Andrew O'Neill Review
Being a keen historian, and alleged descendent of James Watt, Andrew O’Neill’s Totally Spot on History of Britain held great promise for your reviewer. Unfortunately the show served as a warning: never judge a piece of comedy by the title.
Comedy history, as Marcus Brigstocke highlighted in his ‘We are History’ series, can often be hilarious. An often arrogant or eccentric lot, TV historians are excellent targets for satire. O’Neill (who, with his grungy look, nail polish, and new romantic air, would also make a good target) instead presents his material to the audience as if reciting a play or speech. While this lecture is well rehearsed, O’Neill proceeds to create a stand-up disaster on an industrial scale. A total lack of engagement with the audience eventually left me disinterested and bored. Improvised – or semi-improvised – comedy at least has the benefit of being able to detect what gets a laugh and what does not. O’Neill conversely, sticks rigidly to a script that relies far too much on that most difficult of comic devices: surrealism. The completely random quality of many jokes quickly becomes tedious and meaningless. As a result of this haphazard style the topic of industrialism (which had great potential) fades into the background in a torrent of poorly thought out jokes.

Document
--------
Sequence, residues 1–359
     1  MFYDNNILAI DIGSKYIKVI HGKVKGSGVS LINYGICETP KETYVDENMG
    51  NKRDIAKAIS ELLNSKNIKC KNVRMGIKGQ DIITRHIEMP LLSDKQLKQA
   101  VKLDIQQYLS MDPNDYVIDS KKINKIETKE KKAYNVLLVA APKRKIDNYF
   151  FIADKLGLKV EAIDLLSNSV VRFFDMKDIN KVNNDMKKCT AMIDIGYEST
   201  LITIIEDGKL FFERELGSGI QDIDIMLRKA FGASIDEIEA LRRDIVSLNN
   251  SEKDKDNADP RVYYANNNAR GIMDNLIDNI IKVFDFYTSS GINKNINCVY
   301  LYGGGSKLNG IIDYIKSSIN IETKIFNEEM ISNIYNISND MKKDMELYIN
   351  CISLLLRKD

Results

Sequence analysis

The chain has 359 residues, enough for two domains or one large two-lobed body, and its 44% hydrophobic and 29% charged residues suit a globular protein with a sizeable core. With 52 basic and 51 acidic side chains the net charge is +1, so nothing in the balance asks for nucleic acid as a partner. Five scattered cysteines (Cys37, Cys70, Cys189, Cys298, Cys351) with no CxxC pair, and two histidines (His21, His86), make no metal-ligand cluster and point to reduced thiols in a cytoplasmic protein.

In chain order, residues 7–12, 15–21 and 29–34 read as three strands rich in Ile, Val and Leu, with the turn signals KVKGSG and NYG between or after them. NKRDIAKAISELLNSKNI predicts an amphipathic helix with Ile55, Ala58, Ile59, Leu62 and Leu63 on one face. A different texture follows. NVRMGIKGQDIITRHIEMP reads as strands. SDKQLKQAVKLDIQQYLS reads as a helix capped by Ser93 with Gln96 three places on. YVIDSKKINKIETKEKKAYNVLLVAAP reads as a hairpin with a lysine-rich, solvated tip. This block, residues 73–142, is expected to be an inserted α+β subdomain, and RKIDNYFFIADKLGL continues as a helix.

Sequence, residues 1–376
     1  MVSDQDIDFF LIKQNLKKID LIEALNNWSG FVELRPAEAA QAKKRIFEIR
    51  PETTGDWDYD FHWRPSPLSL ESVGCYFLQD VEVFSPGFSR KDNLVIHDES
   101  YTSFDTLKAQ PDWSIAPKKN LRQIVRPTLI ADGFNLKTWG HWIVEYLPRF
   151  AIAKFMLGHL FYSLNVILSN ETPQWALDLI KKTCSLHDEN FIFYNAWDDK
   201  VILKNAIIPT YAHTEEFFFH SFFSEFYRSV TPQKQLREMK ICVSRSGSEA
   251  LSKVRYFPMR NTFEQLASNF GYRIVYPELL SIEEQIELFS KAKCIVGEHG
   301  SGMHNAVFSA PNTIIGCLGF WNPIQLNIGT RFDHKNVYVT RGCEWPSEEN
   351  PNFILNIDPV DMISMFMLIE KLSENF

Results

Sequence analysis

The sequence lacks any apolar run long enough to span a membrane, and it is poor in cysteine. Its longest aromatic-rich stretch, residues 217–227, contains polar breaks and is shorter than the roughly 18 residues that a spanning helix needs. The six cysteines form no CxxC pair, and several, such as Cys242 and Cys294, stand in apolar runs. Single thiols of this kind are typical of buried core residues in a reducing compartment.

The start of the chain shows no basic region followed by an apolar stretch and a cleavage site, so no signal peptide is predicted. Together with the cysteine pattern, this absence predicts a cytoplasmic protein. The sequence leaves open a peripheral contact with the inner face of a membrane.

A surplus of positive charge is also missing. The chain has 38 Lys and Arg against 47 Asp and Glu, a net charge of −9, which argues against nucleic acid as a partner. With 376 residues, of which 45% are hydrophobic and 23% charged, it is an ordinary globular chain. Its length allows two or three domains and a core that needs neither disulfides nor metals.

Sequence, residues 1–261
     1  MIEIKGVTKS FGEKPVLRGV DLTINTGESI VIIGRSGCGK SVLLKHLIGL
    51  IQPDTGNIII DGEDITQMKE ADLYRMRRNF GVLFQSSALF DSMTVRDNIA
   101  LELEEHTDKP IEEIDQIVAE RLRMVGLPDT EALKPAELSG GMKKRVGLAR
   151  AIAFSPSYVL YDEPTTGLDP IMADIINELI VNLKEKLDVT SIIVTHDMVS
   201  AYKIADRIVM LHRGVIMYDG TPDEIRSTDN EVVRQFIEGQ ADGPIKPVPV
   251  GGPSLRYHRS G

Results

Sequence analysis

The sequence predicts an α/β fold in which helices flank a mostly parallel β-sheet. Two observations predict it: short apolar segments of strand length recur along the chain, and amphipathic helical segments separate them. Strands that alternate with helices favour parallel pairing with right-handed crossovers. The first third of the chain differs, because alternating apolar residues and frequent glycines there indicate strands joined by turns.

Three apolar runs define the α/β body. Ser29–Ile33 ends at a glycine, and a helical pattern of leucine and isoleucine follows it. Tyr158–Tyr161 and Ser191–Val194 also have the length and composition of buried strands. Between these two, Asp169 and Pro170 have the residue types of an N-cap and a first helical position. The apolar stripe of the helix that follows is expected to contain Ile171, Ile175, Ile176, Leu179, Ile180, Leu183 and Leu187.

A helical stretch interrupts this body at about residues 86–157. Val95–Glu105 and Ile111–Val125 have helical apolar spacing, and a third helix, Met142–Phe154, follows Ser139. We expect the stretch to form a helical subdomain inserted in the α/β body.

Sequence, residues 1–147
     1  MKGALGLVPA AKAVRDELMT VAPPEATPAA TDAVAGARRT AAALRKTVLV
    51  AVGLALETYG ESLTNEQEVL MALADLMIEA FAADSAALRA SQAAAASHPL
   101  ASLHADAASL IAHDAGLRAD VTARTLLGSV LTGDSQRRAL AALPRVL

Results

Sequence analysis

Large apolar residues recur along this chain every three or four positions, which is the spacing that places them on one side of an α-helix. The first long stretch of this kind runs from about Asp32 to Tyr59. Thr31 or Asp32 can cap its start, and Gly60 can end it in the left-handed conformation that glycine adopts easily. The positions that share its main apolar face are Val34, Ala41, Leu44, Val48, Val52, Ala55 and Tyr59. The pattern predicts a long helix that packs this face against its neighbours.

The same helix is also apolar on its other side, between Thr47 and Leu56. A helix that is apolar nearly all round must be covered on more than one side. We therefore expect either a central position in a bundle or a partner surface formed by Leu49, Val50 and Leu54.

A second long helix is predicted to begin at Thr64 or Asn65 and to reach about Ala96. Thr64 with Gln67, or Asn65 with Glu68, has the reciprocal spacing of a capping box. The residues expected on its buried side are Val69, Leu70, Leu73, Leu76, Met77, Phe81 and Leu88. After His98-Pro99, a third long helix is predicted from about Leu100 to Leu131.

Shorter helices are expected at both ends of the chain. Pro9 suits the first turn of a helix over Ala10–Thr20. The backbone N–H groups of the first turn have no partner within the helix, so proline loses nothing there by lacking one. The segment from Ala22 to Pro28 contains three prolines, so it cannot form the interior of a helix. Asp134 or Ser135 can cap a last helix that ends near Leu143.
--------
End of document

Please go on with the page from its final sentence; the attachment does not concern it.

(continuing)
Like many a new romantic this show is superficially slick and shiny, yet far too pretentious for its own good. While it’s nice to see someone attempt a new subject, O’Neill lacks both humour and substance.